Journey to Pisidia -- By: Raymond L. Cox
BSP 7:4 (Autumn 1978) p. 122
Journey to Pisidia
[Raymond L. Cox, a frequent contributor to BIBLE AND SPADE, is pastor of the Salem, Oregon Foursquare Church. He has traveled extensively in Bible lands and has written over 1650 articles on biblical and archaeological subjects. In addition, he is the author of four books.]
Paul and Barnabas probably encountered “perils of waters, perils of robbers, perils in the wilderness,” besides “weariness and painfulness,” “hunger and thirst,” and probably even excessive “cold” (cf. 2 Corinthians 11:26, 27) as they hiked from the malarial coastlands of Pamphylia to the highlands of Pisidia, but I have nothing but fond memories of my journey to Pisidia.
“I drive today where apostles walked,” the thought struck me as I steered my Hertz Volkswagen along the last 50 miles of roads and tracks which led to the ruins of Antioch. The highways Paul plodded likely were better than some of those I encountered in following his steps in modern Turkey, for he used Roman roads which were excellently engineered, well paved, and kept in good repair. But the difference between 40 miles an hour which I managed to drive and four miles an hour — the rate at which the apostles walked — more than made up for the dust and bumps of inferior tracks.
“Throughout ancient history,” wrote W.M. Calder, “we find the Pisidian mountains described as the home of a turbulent and warlike people, given to robbery and pillage” (p. 2400, vol. iv, International Standard Bible Encylcopedia). The Romans enlisted Galatian king Amyntas to subject the region, and when Amyntas died in 25 B.C. they annexed Pisidia, along with the king’s other possessions, into their own province of Galatia. Pisidian Antioch was the westernmost of the churches planted by Paul that the apostle addressed in his epistle to the Galatians.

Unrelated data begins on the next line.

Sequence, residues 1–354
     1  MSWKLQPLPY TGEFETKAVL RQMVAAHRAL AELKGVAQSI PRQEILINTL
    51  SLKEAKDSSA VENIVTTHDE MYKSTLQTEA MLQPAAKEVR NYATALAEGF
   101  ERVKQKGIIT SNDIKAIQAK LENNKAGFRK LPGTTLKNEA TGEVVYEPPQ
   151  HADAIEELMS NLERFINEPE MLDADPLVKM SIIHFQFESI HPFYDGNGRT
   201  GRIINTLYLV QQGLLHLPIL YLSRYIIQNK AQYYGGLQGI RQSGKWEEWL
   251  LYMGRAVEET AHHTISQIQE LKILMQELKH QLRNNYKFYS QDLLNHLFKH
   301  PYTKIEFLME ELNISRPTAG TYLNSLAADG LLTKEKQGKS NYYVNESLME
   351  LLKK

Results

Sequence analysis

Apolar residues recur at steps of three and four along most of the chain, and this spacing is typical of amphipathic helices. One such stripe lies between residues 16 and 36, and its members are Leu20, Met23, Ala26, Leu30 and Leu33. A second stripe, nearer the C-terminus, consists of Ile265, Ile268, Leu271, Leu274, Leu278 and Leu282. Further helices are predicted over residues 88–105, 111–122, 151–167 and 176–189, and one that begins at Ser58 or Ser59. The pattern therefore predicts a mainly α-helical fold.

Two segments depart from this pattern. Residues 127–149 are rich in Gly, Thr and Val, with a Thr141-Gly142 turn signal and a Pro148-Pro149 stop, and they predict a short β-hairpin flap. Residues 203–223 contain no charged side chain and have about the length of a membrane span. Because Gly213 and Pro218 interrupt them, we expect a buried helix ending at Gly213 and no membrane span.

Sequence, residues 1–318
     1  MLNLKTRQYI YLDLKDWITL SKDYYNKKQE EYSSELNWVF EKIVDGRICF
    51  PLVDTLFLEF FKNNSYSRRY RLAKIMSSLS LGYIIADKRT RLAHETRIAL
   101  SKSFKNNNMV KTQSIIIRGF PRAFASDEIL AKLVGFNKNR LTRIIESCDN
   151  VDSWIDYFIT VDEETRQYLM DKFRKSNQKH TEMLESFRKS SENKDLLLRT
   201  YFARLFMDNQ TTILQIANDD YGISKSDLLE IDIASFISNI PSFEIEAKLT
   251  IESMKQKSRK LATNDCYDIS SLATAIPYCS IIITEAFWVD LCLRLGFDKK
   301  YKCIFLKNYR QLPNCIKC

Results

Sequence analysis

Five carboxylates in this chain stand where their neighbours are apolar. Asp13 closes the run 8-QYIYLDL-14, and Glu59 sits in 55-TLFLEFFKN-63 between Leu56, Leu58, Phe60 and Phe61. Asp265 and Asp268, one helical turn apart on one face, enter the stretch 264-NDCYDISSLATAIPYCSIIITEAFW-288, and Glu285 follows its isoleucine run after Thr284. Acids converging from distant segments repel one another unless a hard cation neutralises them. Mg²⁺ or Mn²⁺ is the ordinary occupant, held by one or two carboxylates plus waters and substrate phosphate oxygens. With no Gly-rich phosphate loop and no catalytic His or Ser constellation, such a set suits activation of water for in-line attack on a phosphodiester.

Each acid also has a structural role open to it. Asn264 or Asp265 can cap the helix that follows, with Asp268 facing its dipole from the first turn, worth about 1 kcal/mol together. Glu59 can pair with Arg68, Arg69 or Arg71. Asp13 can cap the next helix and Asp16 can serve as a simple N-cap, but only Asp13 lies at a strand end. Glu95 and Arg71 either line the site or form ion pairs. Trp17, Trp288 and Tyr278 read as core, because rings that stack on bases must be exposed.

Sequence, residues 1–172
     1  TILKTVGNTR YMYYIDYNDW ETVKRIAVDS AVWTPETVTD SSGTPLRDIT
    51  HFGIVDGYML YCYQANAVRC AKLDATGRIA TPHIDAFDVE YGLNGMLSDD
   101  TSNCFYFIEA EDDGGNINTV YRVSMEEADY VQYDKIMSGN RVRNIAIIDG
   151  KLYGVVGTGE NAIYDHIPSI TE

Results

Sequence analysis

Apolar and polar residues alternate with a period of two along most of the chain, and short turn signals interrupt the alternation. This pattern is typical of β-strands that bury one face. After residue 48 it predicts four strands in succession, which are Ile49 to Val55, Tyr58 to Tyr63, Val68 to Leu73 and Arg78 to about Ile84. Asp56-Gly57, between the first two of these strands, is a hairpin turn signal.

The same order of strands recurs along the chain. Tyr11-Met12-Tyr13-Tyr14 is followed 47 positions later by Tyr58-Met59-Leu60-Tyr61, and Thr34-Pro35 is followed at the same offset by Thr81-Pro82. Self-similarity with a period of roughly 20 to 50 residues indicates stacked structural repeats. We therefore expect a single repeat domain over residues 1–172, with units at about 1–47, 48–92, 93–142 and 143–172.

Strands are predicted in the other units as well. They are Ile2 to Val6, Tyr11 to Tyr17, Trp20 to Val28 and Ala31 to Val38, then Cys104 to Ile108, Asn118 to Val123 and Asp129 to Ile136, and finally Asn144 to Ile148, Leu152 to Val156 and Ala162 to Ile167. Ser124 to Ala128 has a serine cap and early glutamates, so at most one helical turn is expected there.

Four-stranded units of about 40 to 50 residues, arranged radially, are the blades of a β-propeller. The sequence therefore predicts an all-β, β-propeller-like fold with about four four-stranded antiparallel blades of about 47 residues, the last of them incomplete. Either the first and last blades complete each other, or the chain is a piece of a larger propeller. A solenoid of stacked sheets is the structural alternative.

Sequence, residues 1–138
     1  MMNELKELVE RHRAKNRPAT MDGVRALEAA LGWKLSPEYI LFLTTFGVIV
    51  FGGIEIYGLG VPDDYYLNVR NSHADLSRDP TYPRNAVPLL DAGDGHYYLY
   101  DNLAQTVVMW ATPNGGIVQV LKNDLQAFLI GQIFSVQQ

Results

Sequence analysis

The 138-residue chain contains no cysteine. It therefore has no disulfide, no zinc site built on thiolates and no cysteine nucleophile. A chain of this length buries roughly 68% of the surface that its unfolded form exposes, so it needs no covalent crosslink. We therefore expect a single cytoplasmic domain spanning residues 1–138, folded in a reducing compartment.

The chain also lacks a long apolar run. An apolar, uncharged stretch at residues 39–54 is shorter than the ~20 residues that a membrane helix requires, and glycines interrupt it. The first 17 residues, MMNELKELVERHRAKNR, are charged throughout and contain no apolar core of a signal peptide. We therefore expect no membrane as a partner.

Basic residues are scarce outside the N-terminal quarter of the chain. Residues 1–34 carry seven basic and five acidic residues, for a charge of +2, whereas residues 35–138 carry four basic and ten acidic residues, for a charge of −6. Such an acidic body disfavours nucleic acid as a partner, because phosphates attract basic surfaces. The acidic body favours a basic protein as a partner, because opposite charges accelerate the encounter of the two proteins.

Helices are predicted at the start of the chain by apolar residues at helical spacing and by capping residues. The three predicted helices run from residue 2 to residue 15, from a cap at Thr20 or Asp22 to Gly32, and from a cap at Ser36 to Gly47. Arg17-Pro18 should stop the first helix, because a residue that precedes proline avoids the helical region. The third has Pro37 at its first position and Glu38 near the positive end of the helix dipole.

Here was territory with a real “wild west” atmosphere. Throughout most of the region of Pisidia Roman occupation was strictly military. Numerous inscriptions attest to the presence of armed policemen and soldiers charged with keeping the peace in
BSP 7:4 (Autumn 1978) p. 123
the area, and several mention attacks by highwaymen or rescues from drowning in rivers. Secular authorities confirm conditions to which Paul alluded, as both Conybeare and Howson and Sir William Ramsay point out.
How times have changed. There are few places in the world now where a foreigner would be safer travelling alone than here. The Turks, because of their warlike past, have a ba...
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